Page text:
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Home arrow Environment arrow Bats in the Anthropocene: Conservation of Bats in a Changing World


It is estimated that forests covered about a third of the Australian continent at the time of European settlement in 1788, but by the mid-2000s this had been reduced to about 19 % cover (Montreal Process Implementation Group for Australia 2008). Five million hectares of forest are classified as old growth (22 %) and over 70 % of these occur in conservation reserves. Timber harvesting on public land is now restricted to 9.4 million ha, or about 25 % of the areas potentially suitable for timber production, and much of this has been previously logged. Eucalypts dominate the forests of Australia, and they are highly diverse comprising 500–600 species (Fig. 5.4, Florence 1996). Eucalypt forests range from those with a high diversity of eucalypt species to those dominated by one or a few species, the latter most often occurring in the tall wet forests of temperate southern Australia, including Tasmania (Florence 1996). These different eucalypt species and forest communities grow on different soils, under varying climates and natural disturbance regimes that in turn influence the variety of silvicultural practices applied. Fire is

Fig. 5.4 Eucalypt forests of Australia: a narrow vehicle tracks through regrowth wet sclerophyll forest are used extensively by bats; b recently thinned regrowth forest potentially increases flight space and foraging opportunities for bats; c senescing crown of a Blackbutt Eucalyptus pilularus supports multiple hollow branches where bats, including maternity colonies, selectively roost; d an old-growth, spotted gum forest, Corymbia maculata, supports high densities of hollows and an open zone above a dense understorey/shrub layer, providing a variety of niches for foraging and roosting bats. Photographs B. Law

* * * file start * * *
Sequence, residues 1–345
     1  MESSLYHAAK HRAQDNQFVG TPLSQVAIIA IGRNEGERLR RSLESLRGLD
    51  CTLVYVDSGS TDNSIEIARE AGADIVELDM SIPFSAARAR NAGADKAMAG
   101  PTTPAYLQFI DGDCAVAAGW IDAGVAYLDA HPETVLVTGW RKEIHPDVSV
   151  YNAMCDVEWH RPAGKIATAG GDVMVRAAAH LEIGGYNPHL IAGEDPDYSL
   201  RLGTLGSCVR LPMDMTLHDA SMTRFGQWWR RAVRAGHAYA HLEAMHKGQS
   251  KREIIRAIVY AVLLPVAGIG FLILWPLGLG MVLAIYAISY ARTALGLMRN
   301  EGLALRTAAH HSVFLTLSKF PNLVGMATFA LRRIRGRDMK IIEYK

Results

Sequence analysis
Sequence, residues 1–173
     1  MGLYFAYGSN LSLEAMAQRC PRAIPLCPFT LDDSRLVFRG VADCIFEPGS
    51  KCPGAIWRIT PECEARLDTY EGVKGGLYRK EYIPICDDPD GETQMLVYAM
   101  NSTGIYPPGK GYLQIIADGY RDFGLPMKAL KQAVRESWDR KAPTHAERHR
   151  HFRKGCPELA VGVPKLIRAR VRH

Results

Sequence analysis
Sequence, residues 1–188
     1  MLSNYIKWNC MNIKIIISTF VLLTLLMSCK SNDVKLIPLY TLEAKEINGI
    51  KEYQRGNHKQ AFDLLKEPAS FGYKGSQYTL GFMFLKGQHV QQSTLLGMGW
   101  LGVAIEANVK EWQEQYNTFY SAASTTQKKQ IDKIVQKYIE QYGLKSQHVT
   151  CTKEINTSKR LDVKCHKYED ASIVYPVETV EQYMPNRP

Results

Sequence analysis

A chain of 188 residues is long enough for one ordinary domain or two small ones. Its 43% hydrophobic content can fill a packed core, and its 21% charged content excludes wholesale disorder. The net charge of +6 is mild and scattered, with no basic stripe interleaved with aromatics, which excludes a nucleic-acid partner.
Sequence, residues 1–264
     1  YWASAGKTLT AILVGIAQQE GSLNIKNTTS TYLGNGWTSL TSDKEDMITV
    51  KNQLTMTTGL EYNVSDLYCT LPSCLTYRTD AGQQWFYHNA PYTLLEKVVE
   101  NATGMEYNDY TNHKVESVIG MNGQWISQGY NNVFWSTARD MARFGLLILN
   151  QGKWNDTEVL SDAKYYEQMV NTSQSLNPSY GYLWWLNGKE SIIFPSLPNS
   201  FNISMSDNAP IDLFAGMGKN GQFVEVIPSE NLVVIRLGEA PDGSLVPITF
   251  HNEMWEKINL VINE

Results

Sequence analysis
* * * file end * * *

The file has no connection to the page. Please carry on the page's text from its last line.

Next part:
also a driving force behind the distribution and composition of eucalypt forests, and it occurs as massive wildfires that sweep across the landscape and less intensive prescribed burns that aim to reduce fuel loads and minimise damaging wildfires. To some extent, silvicultural practices aim to mimic these disturbance events and maximise regeneration after harvest.

Silviculture of Australian eucalypts is thus highly variable, although the techniques applied largely resemble those used elsewhere around the globe. For example, silviculture varies from clearcut practices in the tall wet eucalypt forests of temperate southern Australia (Tasmania and Victoria) to group selection and single tree selection in warm temperate and subtropical areas to the north. Clearcuts aim to mimic broadly the massive stand replacement events created by wildfires, which are an irregular feature of tall eucalypt forests in Australia. However, one important difference between clearcuts and wildfires is that wildfires leave legacies in the form of dead trees with hollows that can remain standing for decades. Regrowth after harvesting may take many decades to self-thin sufficiently for the forest to begin to resemble the openness of mature or unlogged forest (Florence 1996). Selective logging can occur at a range of intensities that are almost a continuum from very low levels of tree removal targeting specific size/species of trees with ~10 % of tree basal area removed to almost a seed-tree retention silviculture with >60 % of stand basal area removed. In selectively harvested forests, nominal 'rotations' are about 60–80 years though these develop from repeated logging visits to the same coupes every 10–30 years to produce a dynamic of multi-aged mosaics of even-aged regeneration cohorts (Curtin et al. 1991). Selective logging is most commonly applied to forests comprising mixed eucalypt species and uneven ages. Rainforest has a restricted occurrence in Australia, and logging of this forest type is no longer permitted.

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